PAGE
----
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UK house price indicators

To find out where Britain's house prices are heading next, we've hunted down what we believe are the best leading indicators for Britain's housing market. And for now, they mostly suggest that prices are heading for further falls.

We watch five indicators, all of which have proved useful guides in the past. These include the RICS Housing Market Survey and data on both mortgage lending and mortgage approvals. Consumer confidence is another useful data point we keep an eye on.

You can read in detail what each indicator suggests for UK house prices using the tabs above.
The RICS Housing Market Survey is arguably Britain's best house-price predictor. It's a monthly measure of how many surveyors are seeing UK house prices rise compared with those reporting falls.

What's the latest? November's RICS balance rose to 58, ie, 58% more surveyors saw prices rising than falling. That's the highest level since 2002. The March Halifax UK three-monthly house price index saw a 8.7% year-on-year rise.

What does this mean for UK house prices? The RICS survey leads the Halifax index by around six months. With a balance of 54%, could Britain's housing market be heading for bubble territory?
The Bank of England provides monthly data on UK net mortgage lending growth (NMLG). Historically this has proved a handy guide to house prices.

What's the latest?February saw UK NMLG rise to 1.6%. That compares with annual growth of 1.9% two years ago, 5.7% in December 2008 and 11.1% in February 2007. Meanwhile, the March Nationwide UK house price index is 9.5% higher year-on-year.

What does this mean for house prices? This long-term collapse in NMLG suggests UK house prices are standing at the cliff face. If they follow net lending trends, residential property values could slump by over 15%.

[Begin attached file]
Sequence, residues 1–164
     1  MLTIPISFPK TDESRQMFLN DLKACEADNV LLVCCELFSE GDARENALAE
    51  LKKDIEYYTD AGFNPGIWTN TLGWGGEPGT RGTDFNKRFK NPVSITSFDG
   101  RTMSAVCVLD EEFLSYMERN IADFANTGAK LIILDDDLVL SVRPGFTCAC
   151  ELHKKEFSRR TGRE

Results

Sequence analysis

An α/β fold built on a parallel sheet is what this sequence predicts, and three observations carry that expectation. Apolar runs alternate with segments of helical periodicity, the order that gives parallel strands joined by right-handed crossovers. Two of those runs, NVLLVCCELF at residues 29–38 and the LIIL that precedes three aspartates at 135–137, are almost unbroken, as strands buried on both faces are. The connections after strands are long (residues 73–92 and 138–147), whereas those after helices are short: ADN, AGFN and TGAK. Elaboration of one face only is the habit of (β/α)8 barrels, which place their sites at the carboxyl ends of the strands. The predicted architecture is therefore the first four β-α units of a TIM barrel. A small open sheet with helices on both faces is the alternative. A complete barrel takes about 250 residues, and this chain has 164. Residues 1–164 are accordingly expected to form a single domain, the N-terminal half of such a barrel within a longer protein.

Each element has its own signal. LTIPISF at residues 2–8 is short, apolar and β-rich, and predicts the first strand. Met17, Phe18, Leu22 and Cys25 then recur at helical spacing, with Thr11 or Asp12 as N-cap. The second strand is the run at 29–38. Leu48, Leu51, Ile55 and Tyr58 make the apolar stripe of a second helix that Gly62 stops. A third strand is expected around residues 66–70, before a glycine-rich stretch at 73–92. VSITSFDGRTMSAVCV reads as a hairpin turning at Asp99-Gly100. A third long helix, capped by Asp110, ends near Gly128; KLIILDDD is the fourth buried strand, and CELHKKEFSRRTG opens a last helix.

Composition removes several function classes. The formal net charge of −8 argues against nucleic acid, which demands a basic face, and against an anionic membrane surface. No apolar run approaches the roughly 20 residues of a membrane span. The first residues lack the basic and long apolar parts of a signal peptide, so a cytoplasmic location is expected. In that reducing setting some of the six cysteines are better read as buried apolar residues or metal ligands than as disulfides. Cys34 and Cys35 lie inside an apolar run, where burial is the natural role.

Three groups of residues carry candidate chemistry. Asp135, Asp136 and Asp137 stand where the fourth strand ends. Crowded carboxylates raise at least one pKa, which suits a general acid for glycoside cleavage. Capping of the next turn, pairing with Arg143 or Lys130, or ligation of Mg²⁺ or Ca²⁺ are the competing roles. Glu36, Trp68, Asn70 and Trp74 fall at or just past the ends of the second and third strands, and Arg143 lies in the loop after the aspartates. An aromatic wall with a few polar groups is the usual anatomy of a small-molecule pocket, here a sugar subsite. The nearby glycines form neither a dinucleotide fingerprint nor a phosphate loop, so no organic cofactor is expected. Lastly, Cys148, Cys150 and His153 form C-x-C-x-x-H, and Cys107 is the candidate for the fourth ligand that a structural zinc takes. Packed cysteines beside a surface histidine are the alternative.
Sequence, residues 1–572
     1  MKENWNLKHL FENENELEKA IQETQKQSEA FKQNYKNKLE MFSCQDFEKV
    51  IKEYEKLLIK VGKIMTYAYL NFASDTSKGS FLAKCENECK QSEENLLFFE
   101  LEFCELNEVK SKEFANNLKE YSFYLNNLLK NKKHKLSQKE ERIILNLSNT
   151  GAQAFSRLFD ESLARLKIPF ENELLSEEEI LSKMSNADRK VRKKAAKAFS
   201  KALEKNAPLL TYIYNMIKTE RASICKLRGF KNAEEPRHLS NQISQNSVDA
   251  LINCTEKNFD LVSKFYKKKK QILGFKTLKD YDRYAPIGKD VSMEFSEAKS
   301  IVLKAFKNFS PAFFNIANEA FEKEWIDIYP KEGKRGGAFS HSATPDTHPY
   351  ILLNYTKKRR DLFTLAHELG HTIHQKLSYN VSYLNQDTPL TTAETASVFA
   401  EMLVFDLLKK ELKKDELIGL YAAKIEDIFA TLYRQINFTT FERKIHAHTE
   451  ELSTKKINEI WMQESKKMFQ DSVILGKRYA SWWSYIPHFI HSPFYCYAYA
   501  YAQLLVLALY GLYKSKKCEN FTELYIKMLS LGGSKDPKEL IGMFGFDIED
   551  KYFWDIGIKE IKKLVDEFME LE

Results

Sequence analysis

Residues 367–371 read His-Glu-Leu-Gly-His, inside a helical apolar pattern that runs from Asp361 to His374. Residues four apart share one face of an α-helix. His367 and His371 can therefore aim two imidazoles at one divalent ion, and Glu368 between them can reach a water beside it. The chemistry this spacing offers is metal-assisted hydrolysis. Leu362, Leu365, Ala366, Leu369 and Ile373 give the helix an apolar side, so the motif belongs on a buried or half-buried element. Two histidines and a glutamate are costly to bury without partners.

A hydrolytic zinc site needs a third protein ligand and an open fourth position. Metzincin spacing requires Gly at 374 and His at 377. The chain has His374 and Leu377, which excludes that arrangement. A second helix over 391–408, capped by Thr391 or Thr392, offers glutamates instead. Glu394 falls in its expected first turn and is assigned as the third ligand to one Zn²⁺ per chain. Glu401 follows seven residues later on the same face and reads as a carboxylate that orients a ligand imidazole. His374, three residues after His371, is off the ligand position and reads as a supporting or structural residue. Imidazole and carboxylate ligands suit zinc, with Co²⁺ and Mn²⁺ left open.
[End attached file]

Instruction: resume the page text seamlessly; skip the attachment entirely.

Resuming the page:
The Bank of England's monthly 'mortgage approval for house purchase' figures are another useful forward indicator of UK housing market activity.

What's the latest? BoE mortgage approvals for house purchase fell from 76,753 in January to 70,309 in February. That's a long way from the peak of 129,168 approvals back in November 2006. Meanwhile, the March Nationwide UK house price index is 9.5% higher year-on-year.

What does this means for UK house prices? BoE mortgage approvals for house purchase lead annual percentage changes in the Nationwide UK ‘all houses’ price index by some four months. But with Britain’s recovery still fragile, a slide in house prices is still a possibility.

This gauges the monthly mood swings of Britain's consumers. It "tracks changes in personal finance, the general economic situation, inflation, unemployment, the current purchasing climate, and consumer spending and saving", say its compilers GfK/NOP.

What's the latest? For February, the GfK stayed at -7. The March Halifax UK three-monthly house price index saw a 8.7% year-on-year rise.

What does this mean for UK house prices? This indicator leads the Halifax UK three-monthly house price index by some four months. The recent uptrend in the GfK indicates rising consumer confidence.

The UK CPI (consumer price index) is the most widely-used indicator of our cost of living.

What's the latest? March UK CPI was up 1.6% year-on-year; down from 1.7% the previous month. Meanwhile, RPI was up 2.5% on a year ago, compared to 2.7% in February. The March Nationwide UK house price index is 9.5% higher year-on-year.

What does this mean for UK house prices? Higher CPI normally means higher interest rates. Despite the fall in UK CPI since 2010, inflation is still too high. It may drop more, but the historic relationship of higher CPI = less UK house price inflation will return at some point.

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